A timeline of sorts about my discovery and connection to Buddhism and the Dharma.
Where do I begin? What attracted me to Buddhism? What drew me to continuing my study of the Dharma? Well, maybe a bit of personal history/background would provide a foundation for more historical info.
I come from a Catholic upbringing, the last of six kids, baptized as a Catholic, attended Catholic parochial schools until the end of my freshman year of high school. I was an altar boy during my 6th, 7th, and 8th grade years and was never molested! Imagine that! I must be in the minority. So, never a squeal session under the cassock. I even had thoughts of becoming a Maryknoll missionary, going off to Africa (or some such) and being a priest. I went so far as to receive the Maryknoll’s propaganda magazines and attend some of the local seminary altar boy picnics. How exciting those were! Not! Imagine if you will… a bunch of pubescent, goody-goody boys running around playing softball, eating watermelon with priests and brothers. Zow! Ahh… the Age of Innocence.
Move forward to 8th grade graduation… I am awarded the “Most Religious” award from the pastor of the local church. His words to me as I accepted the little medal, “This is only the beginning.” A bit ominous, but true in many ways. What did he see in me?
In a word, warped! Not especially broken, but slightly bent, a little twisted. I went to an all-male Catholic college prep high school for my freshman year. One year was enough! Too damned much testosterone for my tastes. I stopped attending Catholic services my sophomore year of high school and rarely ever set foot in a Catholic church since then.
I grew up during the Vietnam war and was vehemently against the killing and destruction happening every day. My older brother was shipped off to ‘Nam and served during 1968-1969 year. I requested that a prayer be said for him and for his safety every day during my 8th grade school year. It was a horrible time. (He survived and returned physically unharmed.) I was classified 1-H in my senior year of high school. The 1-H classification is a “holding” category, my number would be up and I would have been put between a rock and a hard place, having to make a decision of serving (not freakin’ likely) or taking a little road trip to Canada.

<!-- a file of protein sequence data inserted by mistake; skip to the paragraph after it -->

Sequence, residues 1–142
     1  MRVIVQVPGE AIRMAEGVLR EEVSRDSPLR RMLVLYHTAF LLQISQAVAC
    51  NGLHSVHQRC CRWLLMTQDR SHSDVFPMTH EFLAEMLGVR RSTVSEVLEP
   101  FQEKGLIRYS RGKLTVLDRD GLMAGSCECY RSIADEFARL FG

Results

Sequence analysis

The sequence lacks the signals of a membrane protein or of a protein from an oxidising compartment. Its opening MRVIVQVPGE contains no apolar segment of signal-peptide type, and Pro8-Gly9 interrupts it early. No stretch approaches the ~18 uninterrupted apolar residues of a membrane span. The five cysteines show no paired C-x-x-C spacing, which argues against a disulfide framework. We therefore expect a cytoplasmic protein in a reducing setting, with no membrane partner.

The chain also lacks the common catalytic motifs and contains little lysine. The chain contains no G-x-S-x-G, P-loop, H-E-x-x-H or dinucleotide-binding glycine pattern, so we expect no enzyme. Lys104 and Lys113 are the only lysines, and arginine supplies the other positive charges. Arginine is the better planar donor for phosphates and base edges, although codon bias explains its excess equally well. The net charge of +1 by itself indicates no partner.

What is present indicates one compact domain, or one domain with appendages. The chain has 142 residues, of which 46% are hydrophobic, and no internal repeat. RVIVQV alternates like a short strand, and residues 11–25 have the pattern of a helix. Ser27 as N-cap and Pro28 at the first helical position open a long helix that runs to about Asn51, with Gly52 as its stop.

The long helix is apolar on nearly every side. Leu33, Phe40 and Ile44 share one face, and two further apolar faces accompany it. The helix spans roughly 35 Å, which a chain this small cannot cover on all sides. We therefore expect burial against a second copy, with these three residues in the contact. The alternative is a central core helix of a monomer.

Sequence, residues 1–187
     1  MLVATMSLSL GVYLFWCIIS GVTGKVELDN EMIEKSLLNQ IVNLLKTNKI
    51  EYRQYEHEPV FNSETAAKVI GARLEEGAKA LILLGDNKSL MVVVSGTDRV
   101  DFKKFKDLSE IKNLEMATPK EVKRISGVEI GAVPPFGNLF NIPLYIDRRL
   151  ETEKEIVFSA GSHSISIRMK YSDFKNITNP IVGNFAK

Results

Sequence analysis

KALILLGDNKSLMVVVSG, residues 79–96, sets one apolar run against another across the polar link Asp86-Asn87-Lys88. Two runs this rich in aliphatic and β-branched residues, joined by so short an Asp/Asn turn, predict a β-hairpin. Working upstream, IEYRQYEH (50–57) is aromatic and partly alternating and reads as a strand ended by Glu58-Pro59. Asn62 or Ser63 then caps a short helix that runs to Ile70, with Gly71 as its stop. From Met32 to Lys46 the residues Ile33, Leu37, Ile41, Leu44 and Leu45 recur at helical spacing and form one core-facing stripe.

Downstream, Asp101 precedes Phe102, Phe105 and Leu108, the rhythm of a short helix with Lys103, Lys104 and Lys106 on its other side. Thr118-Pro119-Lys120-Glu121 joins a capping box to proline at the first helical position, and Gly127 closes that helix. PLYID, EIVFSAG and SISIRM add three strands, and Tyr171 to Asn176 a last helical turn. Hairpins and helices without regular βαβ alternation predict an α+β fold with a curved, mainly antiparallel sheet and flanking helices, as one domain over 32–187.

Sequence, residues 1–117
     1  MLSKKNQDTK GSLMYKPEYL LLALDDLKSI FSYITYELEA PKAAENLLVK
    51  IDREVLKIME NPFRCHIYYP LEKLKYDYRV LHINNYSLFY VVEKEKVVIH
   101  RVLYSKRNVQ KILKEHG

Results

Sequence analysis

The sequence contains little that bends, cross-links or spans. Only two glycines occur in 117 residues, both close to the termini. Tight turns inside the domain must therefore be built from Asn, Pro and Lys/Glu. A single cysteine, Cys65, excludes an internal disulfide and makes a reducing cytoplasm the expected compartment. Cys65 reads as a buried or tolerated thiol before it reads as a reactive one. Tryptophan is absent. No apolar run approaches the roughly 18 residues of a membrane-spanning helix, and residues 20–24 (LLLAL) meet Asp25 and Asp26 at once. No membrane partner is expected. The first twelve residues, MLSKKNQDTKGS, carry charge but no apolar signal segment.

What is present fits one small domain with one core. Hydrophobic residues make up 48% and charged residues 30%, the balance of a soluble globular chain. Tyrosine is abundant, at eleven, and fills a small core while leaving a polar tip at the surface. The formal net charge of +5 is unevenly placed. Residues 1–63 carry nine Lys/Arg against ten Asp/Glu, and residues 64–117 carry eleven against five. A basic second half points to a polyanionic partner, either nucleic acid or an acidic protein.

My first real encounter with any teachings that was outside Catholic doctrine was when I read “Be Here Now” and “Grist For The Mill” by Ram Dass (Richard Alpert.) This was circa 1974. I was a little afraid of what I was reading, mostly concerned that Ram Dass’ words were somehow sacrilegious, I had no real previous exposure to teachings outside the scope of accepted Catholic doctrine. Don’t get me wrong: I wasn’t a total innocent nor completely clueless. I had read Eldridge Cleaver’s “Soul on Ice” in 8th grade–the nuns were a little taken aback! I had attended anti-war demonstrations in my little home town, had numerous incidents of being chemically altered during my sophomore year in high school. I was deeply touched with Ram Dass’ obvious spirituality, how in touch he was with his connection to humanity; my lack of being totally cynical put me in a space where I was able to see the truth of his words. Ram Dass wrote beautifully and touched my heart, but I didn’t discern that he was providing any methods or practices I could use to make sense of my life and my place in the world.
A little side trip that was a real life-altering experience: my older brother, Michael, had AIDS and was seriously ill from AIDS-related opportunistic diseases. His partner received help with day-to-day care taking from a local San Francisco AIDS-support organization known as Shanti. I helped with respite care for my brother on a number of weekends and my heart was opened again, I rediscovered my compassion (or metta as it is known in Buddhism.)
I bring up Shanti because I later went through their volunteer/HIV-AIDS support training in my home town around 1992. This training was another vehicle that helped to open my heart, see beyond myself. I finished the training (one weekend of a Friday night, all-day Saturday, and the majority of a Sunday, and then an additional training session each week for eight weeks) and was chosen to be a volunteer. I was assigned my first HIV/AIDS client shortly thereafter. I worked with my client, Bo, being a listener, being an advocate for his health care, helping with errands, and finally being present while he died. My presence with Bo while he died was why I trained: he would have died alone.
I put my training to use again a year later when my mother was diagnosed with lymphoma, colon cancer and ended up in a coma in the hospital after surgery. She passed away right as I passed her a rosary: she closed her hand around the rosary and took her last breath and expired. I was fortunate to be with her and to help her move along.
Flash forward about two years… I picked up a small book by the Nobel Peace Prize winner Buddhist monk/teacher from Viet Nam named Thich Nhat Hanh. I found a great introduction to Buddhism and mindfulness in his “The Long Road Turns to Joy“ guide to walking meditation.